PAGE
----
I used to harbor a deep fear that the Indians were going to scalp me.
That probably sounds ridiculous to anyone who didn’t grow up across the valley from Zane Caverns where war drums can be heard at various times of the year. Maybe it sounds ridiculous even if you did grow up within earshot of the caverns because maybe you didn’t have an older brother who was dead set on convincing you that the natives were coming for your scalp. (Brothers can be pretty doggone convincing.)
Even when I wised up and grew skeptical, arguing that if the Indians were coming they would take his scalp too, he responded with a statement so logical I lost the willpower to doubt him: “They won’t want my scalp because my hair is black like theirs. Yours is long and brown and beautiful. The Indians are going to want it.”
I take that as a compliment now, but at the time it served its intended purpose.
From that moment on, whenever the drums would start to pound in the distance, I would stick close to the house lest some Magua-lookalike would appear in my woods and come for me with bloody, outstretched hands. (This is why you don’t let small children watch The Last of the Mohicans. Cough, cough, Dad.)
And I remained confined by the boundaries of irrational fears.
Funny Fact about Fear: so much of it is, without question, irrational.
Our minds conjure up multiple scenarios and we fret and we worry and we dread all these things that never come to pass.
But they might, we think. They could.
And we confine ourselves to the same kind of boundaries I set for myself as a child.
Don’t leave the house. Stay away from the woods. They’re out there waiting, but you’re safe here. If you remain behind closed doors, they won’t find you.
As a child, I resented those festivals at the caverns. I resented them because I loved the woods. I loved climbing trees and splashing in the creek and painting tablets of slate with the juice of wild berries.
I resented the drums that played in the distance because they crafted fears that held me captive indoors when my little feet wanted to create a rhythm of my own, pounding down paths that had been carved by a thousand footsteps that had gone before.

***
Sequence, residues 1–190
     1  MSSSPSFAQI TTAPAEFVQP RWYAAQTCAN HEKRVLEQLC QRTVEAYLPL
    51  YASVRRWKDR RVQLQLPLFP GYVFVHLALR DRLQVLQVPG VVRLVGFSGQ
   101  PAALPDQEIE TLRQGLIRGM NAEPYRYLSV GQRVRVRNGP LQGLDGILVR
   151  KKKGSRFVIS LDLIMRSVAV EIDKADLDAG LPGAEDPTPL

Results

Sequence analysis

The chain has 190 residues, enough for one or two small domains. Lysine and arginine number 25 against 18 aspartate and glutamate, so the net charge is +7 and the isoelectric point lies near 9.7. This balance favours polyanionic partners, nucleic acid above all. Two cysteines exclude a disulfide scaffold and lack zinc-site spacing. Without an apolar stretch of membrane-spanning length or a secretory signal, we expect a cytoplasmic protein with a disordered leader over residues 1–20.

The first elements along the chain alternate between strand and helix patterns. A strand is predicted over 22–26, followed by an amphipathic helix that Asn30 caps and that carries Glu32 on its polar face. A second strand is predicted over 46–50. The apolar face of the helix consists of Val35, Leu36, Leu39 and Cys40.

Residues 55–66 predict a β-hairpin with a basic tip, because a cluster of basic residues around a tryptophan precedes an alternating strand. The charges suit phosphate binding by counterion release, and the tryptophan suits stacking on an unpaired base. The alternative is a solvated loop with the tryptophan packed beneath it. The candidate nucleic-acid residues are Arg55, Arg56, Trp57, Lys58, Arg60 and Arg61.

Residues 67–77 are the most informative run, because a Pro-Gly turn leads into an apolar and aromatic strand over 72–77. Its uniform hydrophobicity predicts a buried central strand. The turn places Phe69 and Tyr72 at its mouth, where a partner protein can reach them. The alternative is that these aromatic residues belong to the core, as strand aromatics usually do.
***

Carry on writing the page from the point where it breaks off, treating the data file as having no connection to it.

But I was never brave enough to chance the woods when the Indians were on the warpath. I was never reckless enough to face my fears head-on.
Then I got a little older and discovered that the drums were a performance, the natives were friendly, and my scalp was never in any danger after all. And once I realized all of that, something strange happened…
I learned to love those drums.
And the same rhythm that once struck fear into my heart became music to my ears.
Some of us will spend our whole lives believing the natives are hostile. Some of us will never step outside the four walls of our homes because we’re afraid of what lurks in the woods.
But we are restless.
Though our fears may strap us down, the fact remains that, deep inside, We. Are. Restless.
And we want more than these safe little walls offer.
We want the world.
We want wide open skies and and an endless path before us, brimming with new things just waiting to be discovered.
Darling, you have two choices when those drums start pounding in the distance: you can hide, or you can dance.
I hope you dance in complete abandon, twirling to the beat of your fears.